When German couple Dana and Stefan invited strangers to their Singapore home for dinner last month, the response was overwhelming.
Their online "open invitation" for six guests at an authentic German meal went viral, with 400 sign-ups. Netizens lauded the gesture as being "sweet" and "heartwarming".
But all was not as it seemed.
The dinner was the first of four hosted by expatriates as part of the sixth FairPrice Finest Festival, the supermarket's annual food celebration.
And the marketing ploy has left a sour taste for some, with sign-up rates plunging after the link with FairPrice was revealed about a week after the first invite.
The second dinner, hosted by a French chef, drew just 19 people. Only seven signed up for Sunday's meal, hosted by a trio of Italian friends.
Netizens speculated that the hosts were merely "paid actors" in a "staged marketing gimmick", prompting organisers to clarify that they had "volunteered after hearing about the idea through word of mouth".
The first video invite was a "teaser" and deliberately left unbranded to "generate interest", said Mr Victor Ng, chief creative officer for Havas Worldwide Singapore, the marketing agency in charge of the festival. The brand association was made clear for subsequent dinners.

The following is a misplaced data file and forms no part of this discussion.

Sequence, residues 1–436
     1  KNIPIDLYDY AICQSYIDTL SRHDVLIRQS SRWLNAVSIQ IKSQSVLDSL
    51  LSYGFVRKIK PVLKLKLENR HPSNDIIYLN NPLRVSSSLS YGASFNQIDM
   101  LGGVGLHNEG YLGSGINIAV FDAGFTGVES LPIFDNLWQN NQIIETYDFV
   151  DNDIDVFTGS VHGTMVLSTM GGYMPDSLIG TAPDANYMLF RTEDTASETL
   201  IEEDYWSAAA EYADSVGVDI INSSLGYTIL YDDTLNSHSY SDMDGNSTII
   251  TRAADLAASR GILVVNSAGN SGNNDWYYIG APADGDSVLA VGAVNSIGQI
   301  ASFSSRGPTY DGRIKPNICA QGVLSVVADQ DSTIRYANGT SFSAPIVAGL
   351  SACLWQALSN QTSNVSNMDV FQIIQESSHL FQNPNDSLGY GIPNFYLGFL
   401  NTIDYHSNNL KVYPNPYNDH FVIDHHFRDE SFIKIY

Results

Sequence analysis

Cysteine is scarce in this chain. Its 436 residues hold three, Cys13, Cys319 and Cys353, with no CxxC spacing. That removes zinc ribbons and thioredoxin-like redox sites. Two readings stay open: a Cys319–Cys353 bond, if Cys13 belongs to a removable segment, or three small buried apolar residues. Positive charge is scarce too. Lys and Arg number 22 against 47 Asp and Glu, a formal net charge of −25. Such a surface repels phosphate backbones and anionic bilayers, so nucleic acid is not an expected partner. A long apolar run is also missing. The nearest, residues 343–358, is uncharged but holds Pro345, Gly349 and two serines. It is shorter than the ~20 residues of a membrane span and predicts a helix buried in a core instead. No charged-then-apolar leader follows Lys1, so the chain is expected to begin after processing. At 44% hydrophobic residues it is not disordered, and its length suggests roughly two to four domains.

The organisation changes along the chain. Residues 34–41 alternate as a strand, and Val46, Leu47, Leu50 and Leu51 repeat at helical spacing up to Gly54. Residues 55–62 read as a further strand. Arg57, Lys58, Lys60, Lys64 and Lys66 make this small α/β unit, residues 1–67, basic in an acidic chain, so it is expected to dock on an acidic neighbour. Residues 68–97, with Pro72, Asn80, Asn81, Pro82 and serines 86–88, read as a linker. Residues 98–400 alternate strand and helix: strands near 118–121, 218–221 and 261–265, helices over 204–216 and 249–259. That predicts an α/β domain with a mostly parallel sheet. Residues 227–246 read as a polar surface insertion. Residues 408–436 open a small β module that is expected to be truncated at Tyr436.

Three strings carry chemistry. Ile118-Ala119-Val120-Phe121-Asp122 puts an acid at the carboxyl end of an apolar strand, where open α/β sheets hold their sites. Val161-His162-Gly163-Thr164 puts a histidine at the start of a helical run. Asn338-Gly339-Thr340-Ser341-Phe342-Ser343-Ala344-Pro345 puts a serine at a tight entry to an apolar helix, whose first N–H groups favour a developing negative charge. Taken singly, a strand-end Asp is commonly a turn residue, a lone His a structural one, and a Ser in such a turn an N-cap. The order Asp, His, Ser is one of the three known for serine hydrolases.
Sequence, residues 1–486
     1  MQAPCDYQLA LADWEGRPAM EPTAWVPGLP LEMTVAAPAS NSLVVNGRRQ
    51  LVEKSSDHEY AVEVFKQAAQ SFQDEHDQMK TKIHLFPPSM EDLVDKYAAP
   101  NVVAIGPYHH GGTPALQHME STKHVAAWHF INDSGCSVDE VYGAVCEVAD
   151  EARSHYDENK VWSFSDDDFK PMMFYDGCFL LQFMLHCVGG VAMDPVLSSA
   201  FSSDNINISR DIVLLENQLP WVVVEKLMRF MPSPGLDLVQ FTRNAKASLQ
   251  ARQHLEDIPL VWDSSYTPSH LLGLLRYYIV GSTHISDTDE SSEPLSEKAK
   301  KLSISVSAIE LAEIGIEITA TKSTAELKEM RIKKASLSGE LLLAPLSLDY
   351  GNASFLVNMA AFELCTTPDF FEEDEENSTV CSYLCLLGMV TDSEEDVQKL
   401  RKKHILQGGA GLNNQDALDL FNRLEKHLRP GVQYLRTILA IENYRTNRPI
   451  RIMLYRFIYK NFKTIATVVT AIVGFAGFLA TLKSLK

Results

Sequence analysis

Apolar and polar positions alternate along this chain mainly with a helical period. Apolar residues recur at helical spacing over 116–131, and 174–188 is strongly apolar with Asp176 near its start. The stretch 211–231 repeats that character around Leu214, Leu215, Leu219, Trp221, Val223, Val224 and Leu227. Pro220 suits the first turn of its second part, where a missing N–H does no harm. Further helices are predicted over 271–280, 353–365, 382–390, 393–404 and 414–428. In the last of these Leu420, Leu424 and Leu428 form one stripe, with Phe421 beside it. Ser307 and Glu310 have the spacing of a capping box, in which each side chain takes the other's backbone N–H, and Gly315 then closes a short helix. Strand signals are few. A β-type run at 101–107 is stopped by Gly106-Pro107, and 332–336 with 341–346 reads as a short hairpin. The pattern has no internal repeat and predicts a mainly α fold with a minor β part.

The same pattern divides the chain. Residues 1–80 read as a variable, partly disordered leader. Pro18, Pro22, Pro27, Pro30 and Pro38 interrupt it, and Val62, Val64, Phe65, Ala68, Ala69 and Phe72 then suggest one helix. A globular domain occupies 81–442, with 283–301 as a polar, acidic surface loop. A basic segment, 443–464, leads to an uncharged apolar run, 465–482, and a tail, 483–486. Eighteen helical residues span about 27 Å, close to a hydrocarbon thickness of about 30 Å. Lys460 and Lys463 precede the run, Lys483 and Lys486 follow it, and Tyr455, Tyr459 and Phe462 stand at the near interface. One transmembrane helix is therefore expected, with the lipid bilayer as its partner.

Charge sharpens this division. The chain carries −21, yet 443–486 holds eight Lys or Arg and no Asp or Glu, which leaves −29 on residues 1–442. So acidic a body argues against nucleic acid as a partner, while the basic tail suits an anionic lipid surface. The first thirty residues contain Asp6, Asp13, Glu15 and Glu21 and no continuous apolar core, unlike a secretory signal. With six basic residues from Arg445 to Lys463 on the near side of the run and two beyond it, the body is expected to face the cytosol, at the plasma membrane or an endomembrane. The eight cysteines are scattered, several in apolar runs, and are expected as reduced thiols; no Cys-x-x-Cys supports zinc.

Marketing campaign or not, several guests to the dinners were won over by their hosts' sincerity.
Mrs Celes Fernandez, 34, who attended the first dinner, had no idea FairPrice Finest was behind it until it was "briefly mentioned" by her hosts over beef roulade and whipped cream pudding.
"But the couple were really very genuine - throughout dinner we were just sharing our cultures and where we like to hang out," the personal assistant said.
Said retiree Chris Koh, 60, who attended the second dinner: "It was a very relaxed and homely environment... It felt like having a meal in a good friend's house."
Last night, the third dinner was hosted by researcher Alessia Colone, 34, accountant Antonio Scaramuzzino, 30, and entrepreneur Vincenzo De Laurentiis, 29, at their Chinatown apartment.
The four-course Italian meal featured a salad, lasagna, beef stew in a red wine sauce and rounded off with tiramisu. "We're doing this because we want to share our food," said Mr De Laurentiis.
For scientists Dana, 27, and Stefan, 30, who have been living here for the past two years, the dinner was a chance to give back to their host country.
"We fell in love with this country," the couple, who declined to give their last names, told The Straits Times.
"Everyone here has been great to us, and the idea just felt right."
In 2010, another publicity campaign backfired when a "bear" spotted at an Ulu Pandan bus stop led to an actual search by Singapore Zoo officials and animal welfare activists. But it was later revealed to be a mascot that was part of a stunt by electronics firm Philips to launch a new shaver.
Get a copy of The Straits Times or go to straitstimes.com for more stories.